Carroll Cole Serial Killer – The Youngest Killer

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Carroll Cole was not only a notorious serial killer he is also one of the youngest murderers in American history. According to Carroll Cole who released an autobiography in prison he was just eight years old when he drowned a classmate who made him mad. The police who investigated at the time thought the drowning was accidental and dismissed the case. Later in life Carroll who was in and out of mental hospitals for delusions of violence and who had even called the police himself to get help for these fantasies however no one was able to cure him.

In 1971 Carroll Cole would start his killing spree and it would not end until his arrest in 1980. During that time he would murder fifteen women in three different States California, Texas and Nevada. Carroll would be initially tried in Texas where he was convicted of multiple murders and sentenced to spend the rest of his life in prison. However Carroll Cole agreed to be extradited to Nevada where he was facing multiple murder charges. Cole would be convicted on the murder charges however this time he was sentenced to death, may believe this is what he wanted and he even thanked the judge for the death sentence. Carroll Cole would be executed in Nevada in 1985

Carroll Cole Other News

Convicted killer Carroll Edward Cole, who insisted that prolonging his life would be a waste of tax dollars, died by lethal injection here early Friday, the first execution in the Far West since 1979.

Cole, convicted of killing five women, fulfilled his death wish shortly after 2 a.m., when officials at Nevada’s maximum-security prison sent powerful doses of three undisclosed drugs flowing though an intravenous needle in the condemned man’s arm.

Strapped to a padded table in a converted gas chamber, Cole, 47, blinked repeatedly but showed no emotion waiting for the lethal drugs to course through his veins. He had been sedated earlier to prevent any final resistance.

Seventeen reporters and eight designated witnesses–nearly all of them court or law enforcement officials–had gathered to watch the execution. But looking out from behind one of the chamber’s three large windows, Cole seemed to notice only two of the witnesses, Mike and Judy Newton, a Las Vegas couple writing his biography.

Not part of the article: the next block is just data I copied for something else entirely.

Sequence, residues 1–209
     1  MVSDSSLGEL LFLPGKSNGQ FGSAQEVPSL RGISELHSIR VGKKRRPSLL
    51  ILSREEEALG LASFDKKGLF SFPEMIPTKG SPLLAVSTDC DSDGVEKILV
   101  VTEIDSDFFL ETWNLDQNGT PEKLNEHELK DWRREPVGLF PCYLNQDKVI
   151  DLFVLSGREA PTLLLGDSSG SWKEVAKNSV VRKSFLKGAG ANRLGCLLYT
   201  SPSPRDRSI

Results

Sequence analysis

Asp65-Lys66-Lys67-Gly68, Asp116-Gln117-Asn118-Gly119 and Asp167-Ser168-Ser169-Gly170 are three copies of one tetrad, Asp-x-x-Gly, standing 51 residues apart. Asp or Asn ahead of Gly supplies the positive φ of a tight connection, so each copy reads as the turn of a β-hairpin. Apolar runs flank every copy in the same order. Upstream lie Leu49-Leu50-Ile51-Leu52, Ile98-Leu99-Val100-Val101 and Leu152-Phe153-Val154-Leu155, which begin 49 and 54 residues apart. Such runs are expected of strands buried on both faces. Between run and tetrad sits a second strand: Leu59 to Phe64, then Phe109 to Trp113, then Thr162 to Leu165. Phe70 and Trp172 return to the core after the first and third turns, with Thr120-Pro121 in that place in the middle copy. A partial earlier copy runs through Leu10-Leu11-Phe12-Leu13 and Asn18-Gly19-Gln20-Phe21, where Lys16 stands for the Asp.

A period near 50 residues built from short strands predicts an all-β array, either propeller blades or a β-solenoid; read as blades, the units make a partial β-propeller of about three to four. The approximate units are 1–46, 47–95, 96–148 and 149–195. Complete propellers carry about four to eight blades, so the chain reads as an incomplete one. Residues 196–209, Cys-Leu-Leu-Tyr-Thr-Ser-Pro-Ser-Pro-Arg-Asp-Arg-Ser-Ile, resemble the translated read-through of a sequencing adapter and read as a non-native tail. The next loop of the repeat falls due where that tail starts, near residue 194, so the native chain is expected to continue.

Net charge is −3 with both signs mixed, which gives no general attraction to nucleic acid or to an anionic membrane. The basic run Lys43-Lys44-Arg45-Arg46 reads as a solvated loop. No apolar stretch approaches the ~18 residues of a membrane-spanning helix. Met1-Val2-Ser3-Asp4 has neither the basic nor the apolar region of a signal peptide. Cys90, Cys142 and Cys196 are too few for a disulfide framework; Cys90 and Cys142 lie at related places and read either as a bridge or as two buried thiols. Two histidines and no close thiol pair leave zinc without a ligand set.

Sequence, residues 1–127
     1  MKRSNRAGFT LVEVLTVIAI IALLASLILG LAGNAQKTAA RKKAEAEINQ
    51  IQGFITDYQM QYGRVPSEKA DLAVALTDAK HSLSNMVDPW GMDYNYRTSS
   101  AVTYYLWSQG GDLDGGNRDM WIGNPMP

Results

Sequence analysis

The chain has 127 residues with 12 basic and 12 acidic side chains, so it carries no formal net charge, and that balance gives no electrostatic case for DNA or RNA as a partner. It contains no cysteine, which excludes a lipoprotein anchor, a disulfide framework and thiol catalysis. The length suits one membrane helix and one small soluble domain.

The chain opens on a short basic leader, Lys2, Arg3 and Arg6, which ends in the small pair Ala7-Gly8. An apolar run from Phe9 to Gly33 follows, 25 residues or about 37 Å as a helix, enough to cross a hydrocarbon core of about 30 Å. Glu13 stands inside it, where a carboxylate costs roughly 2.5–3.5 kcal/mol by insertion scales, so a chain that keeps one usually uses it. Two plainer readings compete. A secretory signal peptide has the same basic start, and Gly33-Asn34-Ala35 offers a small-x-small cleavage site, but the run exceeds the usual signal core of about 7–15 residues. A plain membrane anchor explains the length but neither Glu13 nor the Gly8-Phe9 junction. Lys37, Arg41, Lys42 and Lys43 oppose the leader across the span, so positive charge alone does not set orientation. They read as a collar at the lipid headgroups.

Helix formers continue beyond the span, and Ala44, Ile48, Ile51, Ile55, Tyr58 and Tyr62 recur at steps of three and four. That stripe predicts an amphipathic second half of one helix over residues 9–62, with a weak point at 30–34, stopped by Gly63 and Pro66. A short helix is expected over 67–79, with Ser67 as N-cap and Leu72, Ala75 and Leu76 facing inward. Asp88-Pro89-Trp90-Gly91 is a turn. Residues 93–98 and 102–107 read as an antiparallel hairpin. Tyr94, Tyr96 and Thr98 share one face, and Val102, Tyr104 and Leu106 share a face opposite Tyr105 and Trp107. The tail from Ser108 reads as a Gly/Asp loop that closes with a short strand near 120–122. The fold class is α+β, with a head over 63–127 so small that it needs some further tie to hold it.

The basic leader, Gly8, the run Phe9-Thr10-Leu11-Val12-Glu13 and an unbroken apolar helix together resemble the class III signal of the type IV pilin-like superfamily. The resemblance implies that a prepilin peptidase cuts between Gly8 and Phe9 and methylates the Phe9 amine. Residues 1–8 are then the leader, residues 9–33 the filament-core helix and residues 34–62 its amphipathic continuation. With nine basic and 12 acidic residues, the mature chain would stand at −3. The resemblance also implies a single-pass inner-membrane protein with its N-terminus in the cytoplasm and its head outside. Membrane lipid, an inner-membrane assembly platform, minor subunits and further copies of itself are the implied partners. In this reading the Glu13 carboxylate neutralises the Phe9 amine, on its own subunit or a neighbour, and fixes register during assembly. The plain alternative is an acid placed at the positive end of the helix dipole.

His last words were to them: “It’s all right,” he mouthed through the glass.

Took Five Minutes

Moments later, as the lethal drugs began to flow, Cole closed his eyes, coughed and appeared to convulse, gasping for breath. Over the next several seconds, his chest heaved mechanically and his head slowly arched back. His lips parted; his eyelids opened slightly.

Then, he lay still. It had taken Cole five minutes to die.

“He was ready to go; he wanted to go,” said his attorney, Edward G. (Ted) Marshall, one of the official witnesses.

The last execution west of Texas occurred Oct. 22, 1979, on the very spot where Cole died. On that day, Jesse Walter Bishop of Garden Grove, Calif., went to the gas chamber for gunning down a honeymooner in a Las Vegas casino robbery.

Cole’s execution–the 50th since the U.S. Supreme Court restored the death penalty in 1976–marked the first time that execution by lethal injection was used in this state, where the gas chamber was born in 1924.

Nevada lawmakers authorized the use of lethal injections last year after George W. Sumner, director of state prisons, complained that the old chamber had leaks. Supporters of the switch declared it a more humane means of executing Cole and the other 28 men and two women on Nevada’s Death Row.

A one-time San Diego resident who was raised in Richmond, Calif., the stubby, tattooed Cole was convicted in Texas of strangling three Dallas women in 1980. He was sentenced to life in prison.